From the moment you tried on your wedding dress, you knew your big day was going to be amazing. As you plan the details, however, you can’t help noticing a lot of wedding traditions and industry practices aren’t exactly kind to Mother Earth. According to The Chicago Tribune, the average wedding generates 63 tons of carbon dioxide and adds 400 pounds of garbage to landfills. Your wedding, however, doesn’t have to be average.
The principles for reducing the carbon footprint of your wedding are the same as the ones you’ve embraced in other aspects of life. Buy local, so less fuel is required to transport your purchases, and buy used, so no additional resources are required to produce new items. Eliminate disposable packaging, recycle it, or make it biodegradable, so it can feed your garden rather than clogging up landfills. Finally, support businesses that treat both the planet and their workers ethically.
A lot of trees go into those wedding invitations, save the date postcards, RSVPs, greeting cards, wrapping paper, gift bags, and wedding programs, and most of them end up in the trash. You can save a forest and the cost of printing by using digital invitations. Paperless Post allows you to choose from a variety of customizable designs, and you can manage your guest list and RSVPs on the website, which is more efficient than keeping track of dozens of envelopes.
To save on packaging and help a good cause, have a “no gifts” policy. Instead, ask your bridal shower attendees to bring a non-perishable item for the local food bank or set up a gift registry where your wedding guests can donate to charity. Feel free to skip the wedding favors, as most guests leave them behind anyway, but you might order plantable favors made of post-consumer material and flower, herb, or vegetable seeds; if your guests don’t take them, plant them in your own garden. The company also makes plantable confetti.
A large percentage of the wedding’s carbon emissions comes from the venue itself. Having an outdoor ceremony that takes advantage of natural light and surrounding foliage, for example, is usually a better choice than an indoor ceremony that needs extensive lighting, flowers, and heating or cooling. In The Chicago Tribune, eco-friendly event planner Carlene Smith says if you must have an indoor ceremony or reception, look for LEED-certified buildings, which have been evaluated for energy efficiency.
When choosing a caterer, look for one who uses local, seasonal ingredients. Friends of the Earth reports that nearly 15 percent of all greenhouse gases are produced by the meat and dairy industry, so choosing a vegetarian or vegan menu is the easiest way to impact climate change. Whatever you decide to serve, make sure none of the food goes to waste. One couple in the UK proved they could cater their wedding with nothing but the food others had wasted.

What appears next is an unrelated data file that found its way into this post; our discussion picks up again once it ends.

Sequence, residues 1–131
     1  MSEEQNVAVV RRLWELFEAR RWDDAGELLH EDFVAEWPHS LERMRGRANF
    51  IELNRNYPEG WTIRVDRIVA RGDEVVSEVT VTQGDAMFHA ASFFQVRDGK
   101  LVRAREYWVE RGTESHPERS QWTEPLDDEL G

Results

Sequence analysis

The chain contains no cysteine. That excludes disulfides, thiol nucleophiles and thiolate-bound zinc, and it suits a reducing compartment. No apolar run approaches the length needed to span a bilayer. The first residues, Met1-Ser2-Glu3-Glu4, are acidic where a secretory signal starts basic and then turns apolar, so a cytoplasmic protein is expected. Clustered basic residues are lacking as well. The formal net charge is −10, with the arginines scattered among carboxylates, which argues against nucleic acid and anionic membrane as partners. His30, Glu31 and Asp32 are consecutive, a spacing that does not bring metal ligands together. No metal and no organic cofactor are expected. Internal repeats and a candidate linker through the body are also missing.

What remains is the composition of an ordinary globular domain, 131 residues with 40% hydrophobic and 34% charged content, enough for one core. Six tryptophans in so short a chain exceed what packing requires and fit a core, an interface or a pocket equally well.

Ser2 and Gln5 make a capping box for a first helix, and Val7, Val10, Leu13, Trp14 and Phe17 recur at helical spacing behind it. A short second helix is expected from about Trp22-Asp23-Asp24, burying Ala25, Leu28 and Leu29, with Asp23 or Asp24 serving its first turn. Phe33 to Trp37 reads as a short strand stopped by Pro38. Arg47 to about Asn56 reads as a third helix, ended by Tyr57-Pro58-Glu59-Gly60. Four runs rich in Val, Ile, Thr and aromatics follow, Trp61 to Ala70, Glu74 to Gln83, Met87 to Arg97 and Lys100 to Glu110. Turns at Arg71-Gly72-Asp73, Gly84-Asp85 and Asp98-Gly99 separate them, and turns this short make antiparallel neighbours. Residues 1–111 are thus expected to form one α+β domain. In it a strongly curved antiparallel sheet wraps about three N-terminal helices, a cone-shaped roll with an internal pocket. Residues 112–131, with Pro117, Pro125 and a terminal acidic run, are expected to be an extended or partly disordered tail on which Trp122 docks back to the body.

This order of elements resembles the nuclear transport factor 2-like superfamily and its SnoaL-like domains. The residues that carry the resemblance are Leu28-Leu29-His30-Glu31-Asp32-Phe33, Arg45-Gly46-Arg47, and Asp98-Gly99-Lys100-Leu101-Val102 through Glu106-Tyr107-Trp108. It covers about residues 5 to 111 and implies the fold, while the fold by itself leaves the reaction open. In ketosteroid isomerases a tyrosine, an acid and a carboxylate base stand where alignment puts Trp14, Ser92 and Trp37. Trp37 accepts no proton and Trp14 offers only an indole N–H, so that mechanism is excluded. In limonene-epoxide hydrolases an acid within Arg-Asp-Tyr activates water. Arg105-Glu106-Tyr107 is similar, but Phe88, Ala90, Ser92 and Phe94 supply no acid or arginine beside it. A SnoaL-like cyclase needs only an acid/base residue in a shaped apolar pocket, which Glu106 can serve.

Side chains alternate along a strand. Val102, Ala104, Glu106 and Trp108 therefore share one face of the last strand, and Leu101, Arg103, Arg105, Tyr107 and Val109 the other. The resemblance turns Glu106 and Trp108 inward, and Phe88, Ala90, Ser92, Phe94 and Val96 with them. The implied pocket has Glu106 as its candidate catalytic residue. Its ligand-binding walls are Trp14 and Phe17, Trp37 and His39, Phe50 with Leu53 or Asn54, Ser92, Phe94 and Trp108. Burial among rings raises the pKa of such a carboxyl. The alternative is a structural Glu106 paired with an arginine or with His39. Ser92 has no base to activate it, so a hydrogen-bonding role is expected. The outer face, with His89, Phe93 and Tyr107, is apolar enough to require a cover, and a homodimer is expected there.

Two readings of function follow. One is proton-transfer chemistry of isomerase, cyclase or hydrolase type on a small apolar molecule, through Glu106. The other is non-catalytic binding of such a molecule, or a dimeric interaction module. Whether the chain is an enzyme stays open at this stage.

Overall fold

Make sure your venue recycles glass and aluminum containers at the bar. In place of paper and plastic plates and utensils, Bridal Musings recommends compostable dining ware made of bamboo. For cups, give each of your guests a glass with a nameplate that corresponds with his or her seat.
Flowers are one item that’s particularly difficult to buy locally because they have a such a short growing season in most climate zones. Most wholesalers either source their flowers from South America or grow them in greenhouses using synthetic fertilizers and pesticides. To make your centerpieces more sustainable, the Wedding Guru recommends potted plants like fresh herbs. Succulents are also a popular choice, and some rustic or boho-themed weddings feature bouquets made of fruit.
If you do use flowers that have traveled many miles, get as much mileage out of them as possible. For example, Bridal Musings suggests reusing bridesmaids’ bouquets as centerpieces. Rather than discarding flowers after the reception, donate them to hospitals or nursing homes. You might also use a service like Bloomerent to share flowers with other events and save up to 60 percent.
In Daily Journal, Mary Hall discusses guidelines for choosing ethically sourced wedding jewelry and attire. The diamond industry has a sordid history of civil wars and slave labor, but fortunately, the conflict diamond trade has been greatly reduced. Check your jeweler carries the Kimberley Process Certification, which ensures transparent mining and trade practices. Consider doing business with Forevermark, whose charitable causes include rhinoceros conservation and supporting South African business women.
The International Labour Organization estimates 21 million people worldwide currently work under forced labor conditions, many of them in factories that produce wedding and formal attire. When purchasing a dress or accessories, pay close attention to their policies regarding their factories overseas. David’s Bridal, for example, conducts surprise inspections of all facilities to ensure their labor codes are enforced. Hall also recommends doing a Google search for your brand and keywords like “human trafficking.”
How did you tread lightly on the earth when you tied the knot? Share your experiences in the comments.